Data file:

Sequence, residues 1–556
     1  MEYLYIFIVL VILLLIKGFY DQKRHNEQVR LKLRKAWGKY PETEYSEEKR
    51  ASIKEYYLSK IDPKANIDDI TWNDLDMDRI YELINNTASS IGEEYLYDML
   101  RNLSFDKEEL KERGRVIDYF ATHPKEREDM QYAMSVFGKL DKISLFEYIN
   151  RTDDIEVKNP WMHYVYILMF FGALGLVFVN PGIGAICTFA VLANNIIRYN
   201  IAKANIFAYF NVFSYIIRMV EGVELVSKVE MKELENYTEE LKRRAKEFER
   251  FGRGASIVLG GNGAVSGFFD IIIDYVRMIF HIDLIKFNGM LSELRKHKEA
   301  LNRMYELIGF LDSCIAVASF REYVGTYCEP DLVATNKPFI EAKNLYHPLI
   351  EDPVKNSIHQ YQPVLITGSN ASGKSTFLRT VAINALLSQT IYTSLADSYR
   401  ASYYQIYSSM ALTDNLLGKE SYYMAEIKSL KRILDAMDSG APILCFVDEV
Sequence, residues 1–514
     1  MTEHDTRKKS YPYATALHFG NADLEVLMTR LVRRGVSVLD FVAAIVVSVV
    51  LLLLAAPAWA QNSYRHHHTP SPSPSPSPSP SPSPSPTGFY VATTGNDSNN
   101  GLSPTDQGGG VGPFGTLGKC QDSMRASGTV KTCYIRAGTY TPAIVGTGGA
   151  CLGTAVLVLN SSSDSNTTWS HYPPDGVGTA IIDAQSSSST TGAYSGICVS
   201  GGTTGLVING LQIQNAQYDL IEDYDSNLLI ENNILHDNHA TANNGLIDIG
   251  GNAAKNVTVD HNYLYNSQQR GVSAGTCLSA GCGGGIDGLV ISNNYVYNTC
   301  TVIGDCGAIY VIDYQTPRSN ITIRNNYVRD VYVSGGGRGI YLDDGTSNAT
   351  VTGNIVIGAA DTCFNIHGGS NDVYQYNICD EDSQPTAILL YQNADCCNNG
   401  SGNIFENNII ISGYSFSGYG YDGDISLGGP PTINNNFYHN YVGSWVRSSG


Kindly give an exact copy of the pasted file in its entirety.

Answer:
Sequence, residues 1–556
     1  MEYLYIFIVL VILLLIKGFY DQKRHNEQVR LKLRKAWGKY PETEYSEEKR
    51  ASIKEYYLSK IDPKANIDDI TWNDLDMDRI YELINNTASS IGEEYLYDML
   101  RNLSFDKEEL KERGRVIDYF ATHPKEREDM QYAMSVFGKL DKISLFEYIN
   151  RTDDIEVKNP WMHYVYILMF FGALGLVFVN PGIGAICTFA VLANNIIRYN
   201  IAKANIFAYF NVFSYIIRMV EGVELVSKVE MKELENYTEE LKRRAKEFER
   251  FGRGASIVLG GNGAVSGFFD IIIDYVRMIF HIDLIKFNGM LSELRKHKEA
   301  LNRMYELIGF LDSCIAVASF REYVGTYCEP DLVATNKPFI EAKNLYHPLI
   351  EDPVKNSIHQ YQPVLITGSN ASGKSTFLRT VAINALLSQT IYTSLADSYR
   401  ASYYQIYSSM ALTDNLLGKE SYYMAEIKSL KRILDAMDSG APILCFVDEV
Sequence, residues 1–514
     1  MTEHDTRKKS YPYATALHFG NADLEVLMTR LVRRGVSVLD FVAAIVVSVV
    51  LLLLAAPAWA QNSYRHHHTP SPSPSPSPSP SPSPSPTGFY VATTGNDSNN
   101  GLSPTDQGGG VGPFGTLGKC QDSMRASGTV KTCYIRAGTY TPAIVGTGGA
   151  CLGTAVLVLN SSSDSNTTWS HYPPDGVGTA IIDAQSSSST TGAYSGICVS
   201  GGTTGLVING LQIQNAQYDL IEDYDSNLLI ENNILHDNHA TANNGLIDIG
   251  GNAAKNVTVD HNYLYNSQQR GVSAGTCLSA GCGGGIDGLV ISNNYVYNTC
   301  TVIGDCGAIY VIDYQTPRSN ITIRNNYVRD VYVSGGGRGI YLDDGTSNAT
   351  VTGNIVIGAA DTCFNIHGGS NDVYQYNICD EDSQPTAILL YQNADCCNNG
   401  SGNIFENNII ISGYSFSGYG YDGDISLGGP PTINNNFYHN YVGSWVRSSG